Tuesday, November 08, 2005
I was conflicted about what to expect in a modern day war movie based on a book. I didn’t want to get my expectations up and be let down. Most importantly I wanted to avoid a possible slap in the face by some Hollywood elitist trying to show me how evil our country and our military is, and that George Bush is Hitler. I get enough of that on CNN, CBS, NBC, ABC, MSNBC, MTV, The West Wing, Commander in Chief… you get the point.
So I hesitated going to see the movie until I read Desult's positive review on it. After reading her take (and she knows her stuff), I went into the theater with an open mind and I walked out very satisfied. Jarhead was a good movie. It isn’t a war movie, it’s not a Michael Moore mind-meld flick, it’s a well directed translation of a book about one Marine’s personal experiences leading up to, and fighting in, Operation Desert Storm.
Every chance the director had to stereotype Marines as complete asshole killing machines he didn’t take. Yes, he showed the morons, but he also showed the normal guys, the war hawks, the detractors, the poor immigrant kids who joined to become citizens and raise families, the jerk Officers, and even a gung-ho lifer played by Jamie Fox. The movie showed every type of Marine there is. From the loose cannon to the desk jockey, it represented each one of them.
The focus on the psychological drudgery of waiting months to fight the enemy was ideally illustrated because it was 100% true. Typically the Marine Corps mindset of kill kill kill is squashed by the reality of wait wait wait. Moral issues such as wives and girlfriends cheating were the toughest battles they had to fight on a daily basis. Again though, there was some balance regarding the women back home. At one point the focus is on a wall of shame, filled with photos of spouses and girlfriends who have broken up or cheated on their Marines who are helpless to stop them. At the same time, the infamous reputation of infidelity Marines have is brought to light when a wife sends a tape of herself cheating on her Marine because he had cheated on her. The director could have simply left that part out and made the military wives look bad, but he once again chose to add balance to his film.
There were plenty of funny and memorable scenes. At one point when the Marines were dug in near the burning oil wells they could hear some helicopters flying overhead blasting music from ‘The Doors’ through their speakers. The main character’s complaint that The Doors were from the Vietnam era and that they needed their own music for this war was right on. Vietnam was over… Iraq was their generation’s war now and it deserved the right music. During the bonfire when they were celebrating the end of the war, Public Enemy’s Fight The Power was echoing throughout the desert. Indeed, the director had chosen appropriate music that reflected that generation. Young males from the Pac-Man/Generation X military venting their pent up frustration by shooting aimlessly into the air (the only time they got to shoot their weapons), and moshing to Chuck D lyrical rage.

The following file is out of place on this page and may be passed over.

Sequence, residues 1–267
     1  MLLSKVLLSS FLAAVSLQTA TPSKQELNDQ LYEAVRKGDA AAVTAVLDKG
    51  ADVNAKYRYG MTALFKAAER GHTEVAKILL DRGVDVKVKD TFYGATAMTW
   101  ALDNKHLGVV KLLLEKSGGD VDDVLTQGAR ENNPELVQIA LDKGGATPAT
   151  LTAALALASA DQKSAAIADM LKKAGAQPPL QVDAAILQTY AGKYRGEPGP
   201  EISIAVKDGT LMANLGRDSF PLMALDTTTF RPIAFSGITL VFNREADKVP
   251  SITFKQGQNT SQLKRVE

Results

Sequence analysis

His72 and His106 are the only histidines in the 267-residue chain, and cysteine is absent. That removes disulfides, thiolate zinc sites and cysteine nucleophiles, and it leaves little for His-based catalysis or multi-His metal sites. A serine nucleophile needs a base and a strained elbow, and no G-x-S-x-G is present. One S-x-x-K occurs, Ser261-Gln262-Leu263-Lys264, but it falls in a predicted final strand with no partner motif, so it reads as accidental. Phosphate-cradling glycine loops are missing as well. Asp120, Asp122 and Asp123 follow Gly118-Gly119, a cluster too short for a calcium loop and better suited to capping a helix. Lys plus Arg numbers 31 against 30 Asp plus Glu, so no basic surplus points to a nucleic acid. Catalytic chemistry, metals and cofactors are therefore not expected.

I walked away from Jarhead content that I had not seen a war movie. Instead I watched a psychological journey through the mind of a young man who ‘got lost on his way to college.’
Good movie, great acting, and indeed very thought-provoking. Not the best in the genre, but I do hope it gets the recognition it deserves.
posted by El Capitan at 12:12 PM
I agree with your entire post.
And I can't say it enough that I'm so glad it wasn't like the book. Mendes, maybe took about 10% of Swaffy's attitude and displayed it in the movie. I was happy that it was only that.
I had a troubling experience at a local super market. I was wearing my MCAS MIRAMAR hat, so the young women checker asked me if I had seen "that new movie". I replied " Do you mean the one about Desert Storm?". She just gave me a blank stare. I had to explain to her what Desert Storm was in 91. She had no clue! Then I thought about it, that was 15 years ago, ancient history to todays teenagers.
(I'm not a Marine, I'm ex-Air Force, AMMO!)